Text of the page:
Do you ever have one of those days where you get out of the wrong side of the bed… and nothing goes according to plan? That was this weekend. I had planned to be in Dorset, but painting work was running on (note: I now have a scary purple dining room. Watch this space). So I stayed in London and woke up on Saturday morning a bit too late and a bit too hungover (as a friend of a friend used to say at this point: “no details”).

My plan was to head out to Dreweatts auction house, near Newbury. A few things I wanted to see before their sale on Wednesday. But just that, and coming back, would have felt like too much of a work trip. So, beginning to recover, I spent a while searching on google to find out interesting things or places. I began to develop a perfect itinerary… Ashdown House, that perfect 17th century box now owned by the National Trust; the Great Coxwell Barn; and finally, a house that I have longed to see for ever, Kelmscott, William Morris’s Oxfordshire house… each just happened to be not so far from the next, and all open on a Saturday afternoon.

What happened? Well by the time I was finally out of the house, camera charged, after breakfast, and some strong coffee, and in the car, and realising that I had no petrol, and that the traffic was dreadful… well, by then, I realised that there was no way on planet earth I was going to get to Dreweatts before they closed. I called just to check, and a polite lady confirmed that they close at 12.30 on the dot. The petrol was the real clincher. Never, ever leave your car with no petrol will be my new rule: who knows when you need to make an emergency road trip to the Cotswolds.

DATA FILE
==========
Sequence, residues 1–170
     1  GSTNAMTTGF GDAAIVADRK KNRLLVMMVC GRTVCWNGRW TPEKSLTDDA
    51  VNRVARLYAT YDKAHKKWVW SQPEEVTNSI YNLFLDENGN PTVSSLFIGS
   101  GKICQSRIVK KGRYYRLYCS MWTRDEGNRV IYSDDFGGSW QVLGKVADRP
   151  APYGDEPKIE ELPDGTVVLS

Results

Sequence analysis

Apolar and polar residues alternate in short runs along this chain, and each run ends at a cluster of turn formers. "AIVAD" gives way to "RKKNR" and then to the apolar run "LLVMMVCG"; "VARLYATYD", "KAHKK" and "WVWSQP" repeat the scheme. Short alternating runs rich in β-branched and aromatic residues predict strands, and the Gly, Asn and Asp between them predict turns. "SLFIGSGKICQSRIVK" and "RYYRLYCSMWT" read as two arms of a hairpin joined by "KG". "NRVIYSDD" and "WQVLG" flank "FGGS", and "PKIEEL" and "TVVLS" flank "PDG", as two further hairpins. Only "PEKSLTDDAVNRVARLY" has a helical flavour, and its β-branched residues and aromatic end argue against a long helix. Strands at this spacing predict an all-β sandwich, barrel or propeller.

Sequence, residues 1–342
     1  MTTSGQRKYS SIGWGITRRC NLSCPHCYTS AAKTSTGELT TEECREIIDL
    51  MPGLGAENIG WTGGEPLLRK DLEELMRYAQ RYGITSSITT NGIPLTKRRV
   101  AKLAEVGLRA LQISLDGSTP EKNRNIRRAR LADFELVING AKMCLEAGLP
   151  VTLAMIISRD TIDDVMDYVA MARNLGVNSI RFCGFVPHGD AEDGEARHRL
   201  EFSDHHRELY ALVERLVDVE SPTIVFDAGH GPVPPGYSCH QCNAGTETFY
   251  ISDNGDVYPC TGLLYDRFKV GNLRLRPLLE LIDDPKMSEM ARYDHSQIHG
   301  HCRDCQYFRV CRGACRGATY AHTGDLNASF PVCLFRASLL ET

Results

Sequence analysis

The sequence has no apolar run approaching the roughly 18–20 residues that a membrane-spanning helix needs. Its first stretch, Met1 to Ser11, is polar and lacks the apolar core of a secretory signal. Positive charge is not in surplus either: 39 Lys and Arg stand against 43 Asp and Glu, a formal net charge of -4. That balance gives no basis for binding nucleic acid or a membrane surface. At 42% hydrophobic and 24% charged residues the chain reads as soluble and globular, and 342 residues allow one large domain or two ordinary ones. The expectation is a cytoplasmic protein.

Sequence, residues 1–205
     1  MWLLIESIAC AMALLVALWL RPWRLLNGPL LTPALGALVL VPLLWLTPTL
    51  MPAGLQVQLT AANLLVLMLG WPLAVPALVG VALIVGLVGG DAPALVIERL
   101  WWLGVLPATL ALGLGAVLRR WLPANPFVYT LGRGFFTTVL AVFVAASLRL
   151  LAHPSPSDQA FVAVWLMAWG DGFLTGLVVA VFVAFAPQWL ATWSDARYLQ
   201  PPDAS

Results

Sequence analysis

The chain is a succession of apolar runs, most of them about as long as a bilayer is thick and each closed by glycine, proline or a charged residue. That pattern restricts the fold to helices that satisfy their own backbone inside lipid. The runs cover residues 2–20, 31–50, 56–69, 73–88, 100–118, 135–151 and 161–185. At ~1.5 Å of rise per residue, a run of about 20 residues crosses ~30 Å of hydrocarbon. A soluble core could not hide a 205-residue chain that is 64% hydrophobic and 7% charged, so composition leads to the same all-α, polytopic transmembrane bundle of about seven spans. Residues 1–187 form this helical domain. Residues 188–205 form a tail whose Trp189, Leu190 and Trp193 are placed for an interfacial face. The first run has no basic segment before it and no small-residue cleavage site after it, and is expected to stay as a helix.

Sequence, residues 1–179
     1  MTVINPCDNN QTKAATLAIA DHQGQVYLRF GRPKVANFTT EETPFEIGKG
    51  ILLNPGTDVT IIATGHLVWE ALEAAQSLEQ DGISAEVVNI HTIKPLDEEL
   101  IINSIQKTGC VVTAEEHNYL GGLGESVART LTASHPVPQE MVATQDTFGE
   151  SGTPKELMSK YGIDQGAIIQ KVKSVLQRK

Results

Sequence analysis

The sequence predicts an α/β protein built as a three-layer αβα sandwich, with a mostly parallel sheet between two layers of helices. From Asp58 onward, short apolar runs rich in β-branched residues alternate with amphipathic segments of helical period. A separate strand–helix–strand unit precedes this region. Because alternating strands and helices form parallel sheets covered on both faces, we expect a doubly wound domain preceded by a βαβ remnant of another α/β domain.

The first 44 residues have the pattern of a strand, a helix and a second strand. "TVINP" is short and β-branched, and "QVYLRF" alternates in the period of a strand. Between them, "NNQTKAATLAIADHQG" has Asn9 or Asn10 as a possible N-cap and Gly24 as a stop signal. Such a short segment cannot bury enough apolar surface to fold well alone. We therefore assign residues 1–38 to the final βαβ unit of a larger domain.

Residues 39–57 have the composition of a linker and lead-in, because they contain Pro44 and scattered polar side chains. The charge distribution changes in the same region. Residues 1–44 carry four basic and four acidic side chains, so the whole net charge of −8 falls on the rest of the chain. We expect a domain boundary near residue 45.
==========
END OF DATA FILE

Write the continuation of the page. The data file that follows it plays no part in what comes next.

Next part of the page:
I could have pressed on, of course, but somehow a two hour drive to Kelmscott and back felt just as strange as a going to the auction house and returning. I like trips with multiple agendas. And somehow… once if it was off on the wrong foot… well, you know what I mean.

So, no beautiful photographs I am afraid. Can’t you imagine what we would have been looking at right now? My friends Maria and Will came to the rescue of my cabin fever, but I spent the better part of the rest of the weekend grappling with one of the trickier articles I’ve written in a while – a long piece on Poundbury for the FT.  Talk about being too close to your subject to write. Then last night went to a fabulous supper given by my friends David & Chris, who’s house I’ve been working on around the corner in Gordon Square. It was great fun, but a Sunday? (reader, there was actually a good reason). Monday mornings can be pretty grim at the best of times (I am never quite sure why, because I like going to work)… but this takes the biscuit.

In the interests of the blog, therefore, I want to declare this week: INTERLUDE.

Do you remember those BBC films of a potter making a pot?  That they stuck on when one programme had ended a bit early and before they were ready to go with the next?  To be honest, I am not sure if I can actually remember them: I think they were already wrapped in irony and inverted commas by the mid 1970s. But for readers wanting a fun way to waste a few minutes, watch this interesting little film which explains the history of the interludes; have a look at the potter’s wheel, London to Brighton in Four Minutes, and my favourite, by far: Roadworks, as re-broadcast on Friday 3rd September 1982. Insane on a number of levels. You will see why.

What would we do without youtube?

Incidentally, I am sorry that I don’t seem to be able to embed the videos directly into the blog. Something is up.  I would bother Colin, but he’s got, how can I say, a bit on his plate at the moment (the new Pentreath & Hall website is launching very soon…).

Finally, at the end of an otherwise bizarre post, let us extend a cordial welcome to all who do not yet know about our fabulous opening night on Wednesday for the Cabinet of Curiosities: L O N D O N, curated by our very own Bride Hall and The Bible of British Taste. I’ve been spying some incredible things happening. Well, maybe it’s still going to be pretty bizarre. Here, for instance, is one of the lettertrays that Bride and I have designed.

That woke you up! See you from 6.30 until 9… and in the meantime, I hope your week gets off to a better start than my weekend.

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